Overall, the Mindbender 116C feels like a directional pow ski that’s pretty versatile in pow — it felt happy to make big, arcing turns when given the room, but it could just as easily noodle through deep snow in tight trees.

Jonathan Ellsworth (5’10”, 175 lbs): The primary qualification that I want to add to Luke’s comments here are that, as someone who skis a lot of more-or-less directional pow skis, the Mindbender 116C felt plenty loose to me, i.e., appropriately loose, as opposed to something like ‘sloppy loose’.

Jonathan Ellsworth and Luke Koppa review the K2 Mindbender 116C for Blister
Jonathan Ellsworth on the K2 Mindbender 116C, Crested Butte, CO.

This doesn’t contradict anything that Luke just wrote, I just wanted to clarify. And for directional skiers interested in adding a ski for their deepest days, the Mindbender 116C should at least be on your radar — especially if your deepest days tend to include lighter, drier snow.

In seriously dense, heavy, wet snow, strong arguments can be made for going with a heavier ski that has more tip and tail rocker. But for use in actual ‘pow’ … I really liked how this ski handled: its quick enough, precise enough, loose enough, playful enough, and in sum … fun enough to make a whole lot of skiers quite happy, I think.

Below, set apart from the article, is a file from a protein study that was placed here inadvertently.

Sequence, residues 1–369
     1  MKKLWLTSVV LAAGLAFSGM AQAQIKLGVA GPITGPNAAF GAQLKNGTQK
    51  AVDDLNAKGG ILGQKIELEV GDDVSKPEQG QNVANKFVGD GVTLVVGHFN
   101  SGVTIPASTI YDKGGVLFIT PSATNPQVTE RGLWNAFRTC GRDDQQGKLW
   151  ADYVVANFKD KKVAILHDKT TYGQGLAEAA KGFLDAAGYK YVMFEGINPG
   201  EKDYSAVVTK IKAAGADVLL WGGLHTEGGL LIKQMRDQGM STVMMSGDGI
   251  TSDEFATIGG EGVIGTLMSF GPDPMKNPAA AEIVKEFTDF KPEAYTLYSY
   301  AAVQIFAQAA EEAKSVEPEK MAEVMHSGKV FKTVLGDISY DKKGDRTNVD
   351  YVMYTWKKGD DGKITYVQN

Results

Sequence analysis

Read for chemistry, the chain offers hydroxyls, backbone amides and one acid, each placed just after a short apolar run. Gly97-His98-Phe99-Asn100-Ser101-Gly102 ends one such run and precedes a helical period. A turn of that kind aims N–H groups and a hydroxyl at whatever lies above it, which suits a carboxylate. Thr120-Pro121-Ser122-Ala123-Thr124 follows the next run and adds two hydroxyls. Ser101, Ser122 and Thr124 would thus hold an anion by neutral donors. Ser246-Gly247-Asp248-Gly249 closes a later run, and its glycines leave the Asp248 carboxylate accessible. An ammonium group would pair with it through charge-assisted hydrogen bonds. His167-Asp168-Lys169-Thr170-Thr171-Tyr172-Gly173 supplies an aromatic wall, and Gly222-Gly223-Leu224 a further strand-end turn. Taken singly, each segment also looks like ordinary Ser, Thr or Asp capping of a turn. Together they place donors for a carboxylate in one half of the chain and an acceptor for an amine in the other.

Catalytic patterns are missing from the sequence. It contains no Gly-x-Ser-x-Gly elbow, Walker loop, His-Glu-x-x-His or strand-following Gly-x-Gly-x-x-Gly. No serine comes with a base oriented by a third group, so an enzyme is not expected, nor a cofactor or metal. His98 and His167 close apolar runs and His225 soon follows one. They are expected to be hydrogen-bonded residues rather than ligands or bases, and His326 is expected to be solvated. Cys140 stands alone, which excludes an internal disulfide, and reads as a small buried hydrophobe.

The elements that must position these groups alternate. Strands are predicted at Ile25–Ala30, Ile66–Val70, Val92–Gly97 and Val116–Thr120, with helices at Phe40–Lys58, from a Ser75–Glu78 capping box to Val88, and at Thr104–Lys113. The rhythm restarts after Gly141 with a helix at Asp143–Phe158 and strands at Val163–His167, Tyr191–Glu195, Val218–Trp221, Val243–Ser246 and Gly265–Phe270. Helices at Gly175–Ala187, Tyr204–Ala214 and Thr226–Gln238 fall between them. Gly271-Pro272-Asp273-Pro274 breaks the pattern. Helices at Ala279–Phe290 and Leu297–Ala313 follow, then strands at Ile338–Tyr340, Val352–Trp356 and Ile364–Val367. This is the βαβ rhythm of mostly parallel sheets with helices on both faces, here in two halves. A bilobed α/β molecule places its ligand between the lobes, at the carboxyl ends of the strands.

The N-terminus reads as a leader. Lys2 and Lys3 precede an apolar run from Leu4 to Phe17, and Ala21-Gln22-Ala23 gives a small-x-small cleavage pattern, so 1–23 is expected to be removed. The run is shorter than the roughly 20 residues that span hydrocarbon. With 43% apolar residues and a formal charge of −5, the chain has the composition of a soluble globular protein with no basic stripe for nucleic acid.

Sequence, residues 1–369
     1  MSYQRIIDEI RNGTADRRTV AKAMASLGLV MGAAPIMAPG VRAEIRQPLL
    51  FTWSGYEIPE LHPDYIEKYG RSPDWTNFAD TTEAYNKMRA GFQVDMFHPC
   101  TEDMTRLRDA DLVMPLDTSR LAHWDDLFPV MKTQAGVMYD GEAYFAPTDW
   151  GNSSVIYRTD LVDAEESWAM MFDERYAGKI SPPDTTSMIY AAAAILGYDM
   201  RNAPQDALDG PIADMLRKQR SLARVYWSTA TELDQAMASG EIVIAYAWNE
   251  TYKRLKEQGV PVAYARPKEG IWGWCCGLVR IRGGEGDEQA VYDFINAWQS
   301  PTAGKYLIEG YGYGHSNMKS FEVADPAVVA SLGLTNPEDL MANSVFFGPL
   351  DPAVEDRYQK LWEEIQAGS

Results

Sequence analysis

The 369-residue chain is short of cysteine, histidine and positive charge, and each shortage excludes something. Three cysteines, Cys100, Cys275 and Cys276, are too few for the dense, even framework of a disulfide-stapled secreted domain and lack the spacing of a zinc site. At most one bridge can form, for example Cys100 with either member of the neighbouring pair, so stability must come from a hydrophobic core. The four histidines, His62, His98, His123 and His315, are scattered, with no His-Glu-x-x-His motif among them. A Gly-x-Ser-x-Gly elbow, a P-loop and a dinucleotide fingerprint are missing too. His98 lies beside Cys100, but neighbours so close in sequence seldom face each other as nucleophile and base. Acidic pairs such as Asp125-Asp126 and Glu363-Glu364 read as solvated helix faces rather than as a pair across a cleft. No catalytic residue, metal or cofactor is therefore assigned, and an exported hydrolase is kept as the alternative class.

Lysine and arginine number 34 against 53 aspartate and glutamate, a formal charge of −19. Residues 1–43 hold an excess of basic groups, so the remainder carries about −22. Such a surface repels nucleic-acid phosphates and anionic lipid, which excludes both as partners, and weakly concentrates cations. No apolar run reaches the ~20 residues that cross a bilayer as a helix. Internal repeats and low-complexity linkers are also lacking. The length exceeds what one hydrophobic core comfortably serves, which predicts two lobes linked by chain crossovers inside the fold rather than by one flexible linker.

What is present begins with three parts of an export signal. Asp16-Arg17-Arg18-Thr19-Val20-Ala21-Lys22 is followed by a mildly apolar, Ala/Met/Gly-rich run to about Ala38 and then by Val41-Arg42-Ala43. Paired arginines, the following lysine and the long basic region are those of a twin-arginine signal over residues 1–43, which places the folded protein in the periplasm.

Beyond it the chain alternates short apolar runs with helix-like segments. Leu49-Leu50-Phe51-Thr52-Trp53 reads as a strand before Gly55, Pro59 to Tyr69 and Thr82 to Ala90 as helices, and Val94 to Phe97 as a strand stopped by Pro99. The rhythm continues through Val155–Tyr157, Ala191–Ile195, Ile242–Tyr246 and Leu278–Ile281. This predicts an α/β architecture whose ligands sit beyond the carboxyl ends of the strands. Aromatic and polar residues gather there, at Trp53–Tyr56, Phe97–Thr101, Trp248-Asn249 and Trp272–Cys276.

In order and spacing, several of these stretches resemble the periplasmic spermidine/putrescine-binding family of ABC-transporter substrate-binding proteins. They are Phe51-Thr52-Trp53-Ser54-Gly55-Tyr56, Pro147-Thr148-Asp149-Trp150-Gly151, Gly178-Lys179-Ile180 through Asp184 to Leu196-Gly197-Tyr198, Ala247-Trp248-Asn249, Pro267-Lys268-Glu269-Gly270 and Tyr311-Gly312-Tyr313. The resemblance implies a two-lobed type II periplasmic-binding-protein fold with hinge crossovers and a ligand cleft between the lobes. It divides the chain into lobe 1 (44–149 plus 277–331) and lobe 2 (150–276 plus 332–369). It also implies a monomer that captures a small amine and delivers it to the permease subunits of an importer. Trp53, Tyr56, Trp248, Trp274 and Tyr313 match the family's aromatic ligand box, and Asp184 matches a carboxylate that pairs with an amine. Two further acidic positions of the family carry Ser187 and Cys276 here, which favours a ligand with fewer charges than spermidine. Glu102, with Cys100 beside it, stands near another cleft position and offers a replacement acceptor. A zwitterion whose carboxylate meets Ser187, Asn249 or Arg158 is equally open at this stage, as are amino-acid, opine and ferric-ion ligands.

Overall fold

Soft Chop

Luke: During the first few hours of a resort powder day (when the snow was still quite soft), I had a ton of fun on the Mindbender 116C. Soft snow is definitely where this ski shines, and that includes soft chop.

But let’s get this out of the way — the Mindbender 116C is not a charger. Unlike the Mindbender 99Ti and Mindbender 108Ti, the Mindbender 116C is quite light, does not have any metal in its construction, and it’s not super stiff. In soft chop, I could still ski quite fast on the Mindbender 116C, but it in no way encouraged me to straightline fields of chop like a much heavier, stiffer ski would.

Jonathan Ellsworth and Luke Koppa review the K2 Mindbender 116C for Blister
Jonathan Ellsworth on the K2 Mindbender 116C, Crested Butte, CO.

Instead, the Mindbender 116C encouraged a more precise, active, and playful style. It’s not a ski that feels like it’s designed to spin, flip, and slash everything, but the Mindbender 116C’s lower weight and energetic flex pattern do work well if you like to pop your way around the mountain in soft chop — driving the ski hard in the good snow, throwing it sideways when conditions deteriorate, and trying to catch air between transitions.

To put it another way, while skiing the Mindbender 116C I kept thinking of the old “hot-dogger” style. The Mindbender 116C isn’t a spinny / flippy jib ski, but I think it encourages an active, playful, directional style. Think lots of quick jump turns, picking your way down the mountain rather than blasting straight down it like you would on a much heavier ski. And, turns out, this style of skiing can be a lot of fun, provided that you aren’t the type of skier who mostly just wants to get to the bottom as fast as possible.